Killer abs and killer legs… people work hard to get them. Killer self-esteem, on the other hand, is not a desired trait, yet, incredibly prevalent in the dating world. As an adult dater, our insecurities, gain clarity and sometimes, strength as we continue to date. We have seen love and loss and are aware of our foibles and faults. Awareness is good. And, verbalizing your discomforts is a smart strategy in a relationship. However, insecurities that seep into the cracks and crevices of our relationships may expand over time, causing riffs that wreak havoc. It is a slippery slope as they say, emanating from a seemingly innocent question that when repeated enough times has the exact opposite effect that we intend it to have.
“Do you like me?” This common refrain reflects our insecurities and is behind many of our actions in the early months of a relationship. Check out what happens when you continually prod your partner for an answer.
The Needy Scenario
|Take 1…“Do you like me?”||“Of course!”|
|Take 2… “Do you like me?”||“Yes”|
|Take 3… “Do you like me?”||(eye-roll) “Yes”|
|Take 4… “Do you like me? Are you sure?”||(Am I sure? Do I like him?) “Um, yes, of course”|
|Take 5… “Do you like me? Seriously?”||(Do I? He really is a little much, sometimes) “Actually, I have been meaning to talk to you about something…”|
The Jealousy Scenario
Jealousy is another way to quickly sabotage your relationship. Jealousy emanates directly from insecurity and low self-esteem. This is a conversation from a former relationship that started at the same time that I began to run Local Flames workshops on healthy relationship skills (irony times 10!).
|“Who was there tonight?”||“Oh, it was a great crowd, really good people.”|
|“Any men in the room?”||“Sure, this really nice guy Mark and another great guy, John”|
|“Were you attracted to them?”||“Uh, I was running a workshop so it wasn’t really relevant.”|
Now, repeat this conversation every week, sometimes multiple times a week, after each event.
|“Who was there tonight?”||“Lots of people”|
|“Any men in the room?”||“Yes” (note the reduction in detail over time)|
|“Who?”||“It is not relevant. I am not going to tell you because you continually accuse me of ridiculousness.”|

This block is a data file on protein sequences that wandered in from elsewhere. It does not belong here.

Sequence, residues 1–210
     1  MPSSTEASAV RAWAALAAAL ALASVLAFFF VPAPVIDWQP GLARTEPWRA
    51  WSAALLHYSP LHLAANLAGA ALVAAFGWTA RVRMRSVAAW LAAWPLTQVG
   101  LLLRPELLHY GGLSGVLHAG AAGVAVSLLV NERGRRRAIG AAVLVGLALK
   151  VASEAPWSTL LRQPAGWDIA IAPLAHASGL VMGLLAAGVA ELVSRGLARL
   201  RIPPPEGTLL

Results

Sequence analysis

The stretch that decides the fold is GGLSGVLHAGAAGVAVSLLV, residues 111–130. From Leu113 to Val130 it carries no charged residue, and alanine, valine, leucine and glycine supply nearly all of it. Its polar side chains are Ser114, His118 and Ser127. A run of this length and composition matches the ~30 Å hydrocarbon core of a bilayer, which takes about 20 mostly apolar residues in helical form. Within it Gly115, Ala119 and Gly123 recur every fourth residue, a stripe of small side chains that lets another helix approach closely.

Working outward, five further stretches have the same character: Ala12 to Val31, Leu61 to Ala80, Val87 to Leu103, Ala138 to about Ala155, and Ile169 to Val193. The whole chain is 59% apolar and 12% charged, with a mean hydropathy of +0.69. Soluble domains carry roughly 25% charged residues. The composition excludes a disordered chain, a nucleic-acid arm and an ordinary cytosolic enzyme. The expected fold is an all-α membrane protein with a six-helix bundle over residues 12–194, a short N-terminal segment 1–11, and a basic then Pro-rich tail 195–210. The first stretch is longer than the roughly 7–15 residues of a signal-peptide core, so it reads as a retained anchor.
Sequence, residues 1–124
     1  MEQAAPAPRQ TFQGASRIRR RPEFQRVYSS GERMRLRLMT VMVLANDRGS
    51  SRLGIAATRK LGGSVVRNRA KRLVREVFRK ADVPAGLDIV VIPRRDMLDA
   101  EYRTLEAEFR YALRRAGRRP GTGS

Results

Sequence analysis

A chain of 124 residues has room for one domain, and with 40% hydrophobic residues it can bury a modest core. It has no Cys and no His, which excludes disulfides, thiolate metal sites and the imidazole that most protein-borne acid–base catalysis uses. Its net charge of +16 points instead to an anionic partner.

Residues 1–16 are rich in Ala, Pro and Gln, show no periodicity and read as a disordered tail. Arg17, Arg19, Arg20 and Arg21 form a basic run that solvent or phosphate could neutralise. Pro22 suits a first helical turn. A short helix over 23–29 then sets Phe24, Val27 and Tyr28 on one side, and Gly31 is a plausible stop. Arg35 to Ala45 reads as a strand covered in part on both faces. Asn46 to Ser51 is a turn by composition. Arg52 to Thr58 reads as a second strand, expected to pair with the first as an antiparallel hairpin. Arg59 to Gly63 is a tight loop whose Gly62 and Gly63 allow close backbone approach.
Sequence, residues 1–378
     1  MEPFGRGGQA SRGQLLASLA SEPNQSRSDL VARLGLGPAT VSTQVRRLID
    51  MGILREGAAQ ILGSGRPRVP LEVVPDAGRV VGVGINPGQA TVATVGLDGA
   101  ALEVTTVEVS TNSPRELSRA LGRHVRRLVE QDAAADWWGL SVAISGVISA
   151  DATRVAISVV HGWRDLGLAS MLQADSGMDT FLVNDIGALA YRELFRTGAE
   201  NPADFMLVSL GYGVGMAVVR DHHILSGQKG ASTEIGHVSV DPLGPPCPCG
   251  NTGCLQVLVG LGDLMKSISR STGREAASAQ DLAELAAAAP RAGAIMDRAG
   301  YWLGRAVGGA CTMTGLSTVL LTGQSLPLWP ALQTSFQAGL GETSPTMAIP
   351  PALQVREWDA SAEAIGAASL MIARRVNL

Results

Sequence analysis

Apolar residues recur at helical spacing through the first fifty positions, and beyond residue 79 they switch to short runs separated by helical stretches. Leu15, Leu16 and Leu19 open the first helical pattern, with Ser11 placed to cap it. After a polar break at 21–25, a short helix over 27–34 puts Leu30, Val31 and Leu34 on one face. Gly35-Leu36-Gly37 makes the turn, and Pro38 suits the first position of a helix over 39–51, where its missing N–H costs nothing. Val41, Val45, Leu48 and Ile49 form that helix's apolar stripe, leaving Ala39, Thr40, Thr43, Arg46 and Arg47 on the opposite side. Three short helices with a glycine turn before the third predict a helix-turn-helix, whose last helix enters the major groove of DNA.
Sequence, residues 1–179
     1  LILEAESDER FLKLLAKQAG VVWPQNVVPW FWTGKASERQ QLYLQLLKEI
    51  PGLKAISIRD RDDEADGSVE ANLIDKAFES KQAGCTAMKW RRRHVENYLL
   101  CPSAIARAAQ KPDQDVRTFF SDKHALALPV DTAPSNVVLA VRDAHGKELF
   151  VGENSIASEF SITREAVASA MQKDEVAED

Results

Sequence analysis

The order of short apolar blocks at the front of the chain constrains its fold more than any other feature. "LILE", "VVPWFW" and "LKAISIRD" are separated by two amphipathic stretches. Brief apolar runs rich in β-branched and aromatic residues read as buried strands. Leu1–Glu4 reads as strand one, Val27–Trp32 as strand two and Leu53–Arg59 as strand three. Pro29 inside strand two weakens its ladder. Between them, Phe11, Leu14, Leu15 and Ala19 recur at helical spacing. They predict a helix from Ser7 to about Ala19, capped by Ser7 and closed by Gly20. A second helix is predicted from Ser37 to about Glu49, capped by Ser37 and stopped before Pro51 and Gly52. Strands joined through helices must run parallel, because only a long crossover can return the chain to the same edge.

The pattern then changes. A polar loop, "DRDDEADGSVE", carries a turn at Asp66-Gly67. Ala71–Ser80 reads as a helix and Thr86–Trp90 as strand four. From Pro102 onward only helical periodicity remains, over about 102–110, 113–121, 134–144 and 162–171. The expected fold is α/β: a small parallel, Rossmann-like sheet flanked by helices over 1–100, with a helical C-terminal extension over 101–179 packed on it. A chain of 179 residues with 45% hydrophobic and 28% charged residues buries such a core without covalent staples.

|“Were you attracted to them?”||“Oh my god!! No!!”|
If this were to keep going, if I hadn’t left him at the doorstep of his insecurity which I did, eventually my thoughts may have meandered down this road: “Fuck it. He has been accusing me of cheating on him for months. Maybe i’ll just try it out. These other men look better and better every time he opens his mouth.” As I have seen with my clients, one person’s jealousy can contribute to another person cheating, which thereby reinforces the first person’s insecurity and belief that people cheat on him (or her)!
Why do we do this? We have beliefs about ourselves that we look to reinforce. We feel badly about ourselves from things our parents told us, from experiences we have had, or from shame related to something that happened to us. Then, we behave in ways that reinforce that we are right to feel badly about ourselves. She may be looking for him to prove she is unlikable by continually asking if he likes her. Her low self-esteem is killing any potential the relationship had. I have seen this equally in men and women, whether in different or same gender relationships. People are usually not completely aware that they are causing their own downfall. It is easier to blame others for how we feel rather than to face ourselves and our faults head on.
5 Steps to Stop Sabotaging.
It takes courage to start believing in yourself by understanding that we all have faults, big and small. Here are five steps to stop sabotaging yourself and your relationships.